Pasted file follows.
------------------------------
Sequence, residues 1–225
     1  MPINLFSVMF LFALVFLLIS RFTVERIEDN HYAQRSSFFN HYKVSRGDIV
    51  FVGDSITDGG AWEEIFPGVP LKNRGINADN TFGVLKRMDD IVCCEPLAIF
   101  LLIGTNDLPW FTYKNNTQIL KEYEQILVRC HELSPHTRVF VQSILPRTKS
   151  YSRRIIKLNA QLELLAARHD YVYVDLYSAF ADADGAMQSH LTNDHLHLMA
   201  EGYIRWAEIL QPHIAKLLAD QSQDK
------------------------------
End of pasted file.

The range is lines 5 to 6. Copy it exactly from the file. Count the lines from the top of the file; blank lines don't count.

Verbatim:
   151  YSRRIIKLNA QLELLAARHD YVYVDLYSAF ADADGAMQSH LTNDHLHLMA
   201  EGYIRWAEIL QPHIAKLLAD QSQDK